In a Boston Phoenix article, “The Gray Lady in shadow,” civil liberties lawyer Harvey Silverglate counts five Pentagon Papers justices in accord with the basic proposition that, while prior restraint is essentially prohibited, post-publication criminal responsibility is not. Silverglate observes that five of the nine justices (White, Stewart, Blackmun, Burger, and Harlan) would have approved of criminal prosecution of the newspaper defendants in the Pentagon Papers case, even though a majority would not authorize a pre-publication injunction. That observation is clearly correct, but conservative. Justice Marshall’s concurring opinion is also consistent with White’s analysis. It is fair to conclude that the Times is not immune from criminal liability for violation of the federal espionage laws under the Pentagon Papers case.
WHILE THE PENTAGON PAPERS CASE is still good law, it is not the last word. In Bartnicki v. Vopper, 532 U.S. 514 (2001), the Court held that the First Amendment protected the publication of lawfully obtained information that was itself obtained illegally. The Court held that federal law making it a crime to intercept and disseminate telephone conversations cannot constitutionally be applied to the media when they report on matters of public concern.
Does Bartnicki suggest that the Times is constitutionally immune from prosecution under the espionage laws? The Court’s fundamental factual predicates in Bartnicki were that the media defendants played no part in the underlying illegal conduct and that their access to the information was obtained lawfully. In the case of the NSA leaks, however, the disclosures to the Times were themselves illegal; it is the fact that the Times is not entitled or authorized to receive information provided to it regarding the NSA surveillance program that makes disclosures to the Times illegal under sections 793 and 798. Because Bartnicki is readily distinguishable from the facts involved in the Times’s disclosure of the NSA surveillance program, it appears that the Times is not constitutionally immune from criminal responsibility for its conduct.
SO WHAT WAS the Times thinking when it published the Risen/Lichtblau story? Times executive editor Bill Keller purports to have satisfied himself that the publication of the story did “not expose any technical intelligence-gathering methods or capabilities that are not already on the public record.” In his December 17 radio address, however, President Bush flatly asserted that publication of the story “damages our national security and puts our citizens at risk.” It is doubtful that even Keller believes that he is in a better position than the president to judge the consequences of the publication of the story. Earlier this month, Time’s Joe Klein reported:
It would have been a scandal if the NSA had not been using these tools to track down the bad guys. There is evidence that the information harvested helped foil several plots and disrupt al-Qaeda operations.
There is also evidence, according to U.S. intelligence officials, that since the New York Times broke the story, the terrorists have modified their behavior, hampering our efforts to keep track of them–but also, on the plus side, hampering their ability to communicate with one another.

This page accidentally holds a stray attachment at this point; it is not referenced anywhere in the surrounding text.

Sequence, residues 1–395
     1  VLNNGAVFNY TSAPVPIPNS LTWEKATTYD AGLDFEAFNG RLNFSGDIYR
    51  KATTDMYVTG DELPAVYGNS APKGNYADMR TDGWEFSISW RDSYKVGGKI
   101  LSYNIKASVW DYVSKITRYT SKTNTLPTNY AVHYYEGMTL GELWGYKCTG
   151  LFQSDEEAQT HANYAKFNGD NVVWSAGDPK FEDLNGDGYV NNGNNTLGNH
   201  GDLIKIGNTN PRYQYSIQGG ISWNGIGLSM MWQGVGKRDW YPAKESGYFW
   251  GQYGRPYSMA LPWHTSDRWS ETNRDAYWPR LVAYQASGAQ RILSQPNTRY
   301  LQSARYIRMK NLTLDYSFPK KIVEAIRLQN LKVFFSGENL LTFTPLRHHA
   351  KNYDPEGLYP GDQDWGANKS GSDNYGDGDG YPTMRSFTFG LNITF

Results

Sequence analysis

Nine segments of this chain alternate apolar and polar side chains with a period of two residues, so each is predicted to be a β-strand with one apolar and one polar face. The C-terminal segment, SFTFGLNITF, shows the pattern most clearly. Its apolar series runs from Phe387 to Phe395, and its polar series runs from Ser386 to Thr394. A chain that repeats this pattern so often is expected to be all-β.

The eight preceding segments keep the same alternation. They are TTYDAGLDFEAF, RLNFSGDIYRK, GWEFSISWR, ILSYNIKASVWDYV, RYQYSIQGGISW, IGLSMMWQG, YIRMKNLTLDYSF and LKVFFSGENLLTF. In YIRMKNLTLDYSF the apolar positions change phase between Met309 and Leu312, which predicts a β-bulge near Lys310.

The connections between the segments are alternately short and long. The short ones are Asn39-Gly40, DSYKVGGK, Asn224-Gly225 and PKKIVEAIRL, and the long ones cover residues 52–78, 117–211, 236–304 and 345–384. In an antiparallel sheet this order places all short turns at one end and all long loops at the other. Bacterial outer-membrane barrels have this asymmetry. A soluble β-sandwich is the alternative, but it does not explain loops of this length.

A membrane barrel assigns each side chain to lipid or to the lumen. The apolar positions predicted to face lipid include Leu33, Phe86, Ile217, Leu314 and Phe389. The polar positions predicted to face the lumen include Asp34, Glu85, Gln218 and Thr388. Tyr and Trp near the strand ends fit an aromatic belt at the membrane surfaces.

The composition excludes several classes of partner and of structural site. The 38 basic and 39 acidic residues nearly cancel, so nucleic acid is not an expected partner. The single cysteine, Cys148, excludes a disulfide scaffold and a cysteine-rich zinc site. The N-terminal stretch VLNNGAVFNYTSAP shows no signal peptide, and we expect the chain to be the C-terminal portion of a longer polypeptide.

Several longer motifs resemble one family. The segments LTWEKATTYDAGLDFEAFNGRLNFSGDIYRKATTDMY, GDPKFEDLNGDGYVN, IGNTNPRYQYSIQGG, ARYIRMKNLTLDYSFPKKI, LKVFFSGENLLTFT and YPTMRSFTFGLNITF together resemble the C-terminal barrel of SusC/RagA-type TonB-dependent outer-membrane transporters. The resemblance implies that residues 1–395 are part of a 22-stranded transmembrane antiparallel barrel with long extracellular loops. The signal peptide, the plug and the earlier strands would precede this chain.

In his autobiography Radical Son, former Ramparts editor David Horowitz recounts an incident involving the magazine’s 1972 receipt of a draft article by a pseudonymous National Security Agency employee. Horowitz characterizes his involvement in the publication of the article in Ramparts as “the most shameful or humiliating thing I ever did.”
In the article, the NSA employee revealed that the agency had cracked the Soviet intelligence code and could read Soviet electronic communications at will. Deliberating over whether publication of the article might subject the magazine editors to prosecution under the espionage laws, Horowitz consulted prominent Harvard law professor Charles Nesson. (Nesson denies recollection of the conversation recounted by Horowitz.) Nesson was then working as a member of Daniel Ellsberg’s defense team in connection with the government’s prosecution of Ellsberg for removing copies of the Pentagon Papers and turning them over to the Times–the incident underlying the Pentagon Papers case itself. Horowitz relates that Nesson advised him that publication of the article would violate the law. In addition to providing certain technical guidance, according to Horowitz, Nesson advised:
To make its case in a court of law, the government would have to establish that we had indeed damaged national security. To do so, it would be necessary to reveal more than the government might want the other side to know. In fact, the legal process would force more information to light than the government would want anybody to know. On balance, there was a good chance that we would not be prosecuted. I had just been given advice by a famous constitutional law professor on how to commit treason and get away with it.
One wonders if the Times relied on similar advice regarding its publication of the NSA surveillance story.